Translate Page To German Tranlate Page To Spanish Translate Page To French Translate Page To Italian Translate Page To Japanese Translate Page To Korean Translate Page To Portuguese Translate Page To Chinese
  Number Times Read : 14    Word Count: 805  

Arts & Entertainment
Cars and Trucks
Culture and Society
Disease & Illness
Food & Beverage
Health & Fitness
Home & Family
Internet Business
Online Shopping
Pets & Animals
Product Reviews
Recreation & Sports
Reference & Education
Self Improvement
Travel & Leisure
Womens Issues
Writing & Speaking


How to Increase Safety for Airport Ground Crews During Extreme Weather

[Valid RSS feed]  Category Rss Feed -
By : Aero Specialties    9 or more times read
Submitted 2019-03-15 13:45:12
Aviation ground crew work comes with some risks. It requires working from heights to clean, deice, repair, fuel, or otherwise maintain aircraft, typically at a fast pace. It also involves working in and around a whole fleet of motorized ground support equipment and heavy lifting, not to mention working with often dangerous, caustic, and highly flammable chemicals. And all of that is happening while there are massive aircraft taxiing around or being towed by aircraft tugs—it’s a pretty busy work environment.

Despite all of that, most members of an air side crew wouldn’t have it any other way. There is, however, an additional risk: Extreme weather. It’s getter hotter in the summer, harsher in the winter, and the storms during the seasons can be more severe. These factors all create a dynamic that is not only miserable for an air side crew, it can be dangerous. Fortunately, the following safety tips can help to reduce that risk.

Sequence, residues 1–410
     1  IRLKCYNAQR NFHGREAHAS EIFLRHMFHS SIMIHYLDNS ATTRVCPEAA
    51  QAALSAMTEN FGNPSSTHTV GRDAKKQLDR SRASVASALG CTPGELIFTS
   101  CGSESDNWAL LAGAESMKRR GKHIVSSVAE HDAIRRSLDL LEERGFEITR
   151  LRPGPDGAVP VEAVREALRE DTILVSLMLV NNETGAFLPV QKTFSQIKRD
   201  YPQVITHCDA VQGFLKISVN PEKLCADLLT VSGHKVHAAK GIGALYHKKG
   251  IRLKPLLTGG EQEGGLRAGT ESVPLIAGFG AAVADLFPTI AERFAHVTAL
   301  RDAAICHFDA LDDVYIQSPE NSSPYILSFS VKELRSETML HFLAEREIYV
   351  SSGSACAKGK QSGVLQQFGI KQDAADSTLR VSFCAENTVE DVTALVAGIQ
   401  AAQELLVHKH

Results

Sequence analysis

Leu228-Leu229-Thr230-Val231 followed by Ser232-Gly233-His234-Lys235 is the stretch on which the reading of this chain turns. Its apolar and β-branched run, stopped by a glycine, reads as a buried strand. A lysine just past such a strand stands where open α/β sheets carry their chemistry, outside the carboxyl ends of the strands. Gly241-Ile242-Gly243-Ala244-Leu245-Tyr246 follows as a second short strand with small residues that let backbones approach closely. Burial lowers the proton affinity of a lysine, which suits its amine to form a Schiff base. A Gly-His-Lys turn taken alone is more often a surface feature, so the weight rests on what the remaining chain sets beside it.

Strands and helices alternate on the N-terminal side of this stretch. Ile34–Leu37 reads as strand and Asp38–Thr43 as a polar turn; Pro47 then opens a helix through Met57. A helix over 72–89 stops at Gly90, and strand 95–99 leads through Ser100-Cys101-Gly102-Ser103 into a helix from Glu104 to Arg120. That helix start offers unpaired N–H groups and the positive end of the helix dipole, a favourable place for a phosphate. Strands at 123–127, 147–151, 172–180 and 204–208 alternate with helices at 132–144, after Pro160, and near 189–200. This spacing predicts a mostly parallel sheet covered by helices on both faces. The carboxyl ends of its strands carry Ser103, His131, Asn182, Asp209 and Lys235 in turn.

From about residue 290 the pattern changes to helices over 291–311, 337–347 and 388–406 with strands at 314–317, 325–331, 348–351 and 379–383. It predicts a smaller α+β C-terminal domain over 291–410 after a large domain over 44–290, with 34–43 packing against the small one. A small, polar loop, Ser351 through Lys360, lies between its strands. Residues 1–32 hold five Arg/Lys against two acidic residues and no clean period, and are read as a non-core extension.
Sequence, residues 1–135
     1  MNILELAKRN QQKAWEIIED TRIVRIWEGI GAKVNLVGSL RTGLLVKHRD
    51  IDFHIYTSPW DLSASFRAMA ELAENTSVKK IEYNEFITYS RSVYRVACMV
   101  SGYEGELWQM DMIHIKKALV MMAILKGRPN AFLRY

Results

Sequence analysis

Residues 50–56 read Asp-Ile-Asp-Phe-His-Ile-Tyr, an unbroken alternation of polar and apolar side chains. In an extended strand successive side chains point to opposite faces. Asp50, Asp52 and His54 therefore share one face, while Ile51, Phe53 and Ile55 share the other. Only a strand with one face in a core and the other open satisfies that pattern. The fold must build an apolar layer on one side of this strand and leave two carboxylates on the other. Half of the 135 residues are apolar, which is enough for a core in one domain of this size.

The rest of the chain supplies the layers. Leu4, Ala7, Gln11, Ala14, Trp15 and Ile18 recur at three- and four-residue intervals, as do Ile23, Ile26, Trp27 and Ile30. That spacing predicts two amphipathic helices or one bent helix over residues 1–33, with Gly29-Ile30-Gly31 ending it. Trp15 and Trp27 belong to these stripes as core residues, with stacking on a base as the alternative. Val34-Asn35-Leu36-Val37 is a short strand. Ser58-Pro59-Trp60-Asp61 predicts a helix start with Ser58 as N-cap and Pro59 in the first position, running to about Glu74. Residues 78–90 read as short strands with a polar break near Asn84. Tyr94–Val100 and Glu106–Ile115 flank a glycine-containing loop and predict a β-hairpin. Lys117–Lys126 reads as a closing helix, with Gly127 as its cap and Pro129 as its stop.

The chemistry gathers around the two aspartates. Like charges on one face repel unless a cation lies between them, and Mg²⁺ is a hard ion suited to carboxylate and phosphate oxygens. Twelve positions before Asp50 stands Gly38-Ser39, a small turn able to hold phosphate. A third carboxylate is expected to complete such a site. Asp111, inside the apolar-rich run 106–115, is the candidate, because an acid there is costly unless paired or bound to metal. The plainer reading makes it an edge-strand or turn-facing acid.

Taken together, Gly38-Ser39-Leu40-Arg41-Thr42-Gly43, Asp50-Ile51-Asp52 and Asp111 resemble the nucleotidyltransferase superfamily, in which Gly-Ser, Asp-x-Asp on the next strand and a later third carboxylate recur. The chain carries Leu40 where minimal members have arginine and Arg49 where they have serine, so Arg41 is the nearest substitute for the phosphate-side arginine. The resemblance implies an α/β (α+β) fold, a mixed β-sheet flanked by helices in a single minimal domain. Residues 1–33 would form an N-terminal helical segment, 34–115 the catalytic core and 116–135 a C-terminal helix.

Planning and Updating

The first step in addressing severe weather is setting up a plan for dealing with it. If there is already a plan for severe weather, ensure that it is updated and that any equipment involved is fully functional and optimized for performance. Also ensure that all ground crew are familiar with the procedures such as places to take shelter, warning communication systems, specific protocols, check-in and communication standards, etc.

Warning System

Speaking of warning communications systems, ground crew work generally involves conditions impeding the crew’s ability to hear. It’s hard to hear a warning siren or a cell phone beeping with a storm warning when an aircraft tow tractor is rumbling by and a jet engine is roaring. A strobe light is among the most popular of solutions, so consider employing one (if you’re not already), or adopting some other other visual warning system.

Working in the Cold

Wear layers: The more layers, the more warmth and more ability to regulate temperature if the temperature rises. Ensure that the clothing fits well also. Too loose and the clothing isn’t great at keeping you warm and can more easily be snagged; too tight and circulation is restricted as well as movement. Covering extremities is big: Cover and keep your ears, hands, and feet warm and protected from the cold. Gloves should be thick with durable construction and high-quality materials. Boots should be warm, as waterproof as possible, and have good tread to prevent slips and accidents. Cold, wet feet are uncomfortable, distracting, and can be dangerous. It’s best to be bundled up properly so the focus stays primarily on the work rather than the temps.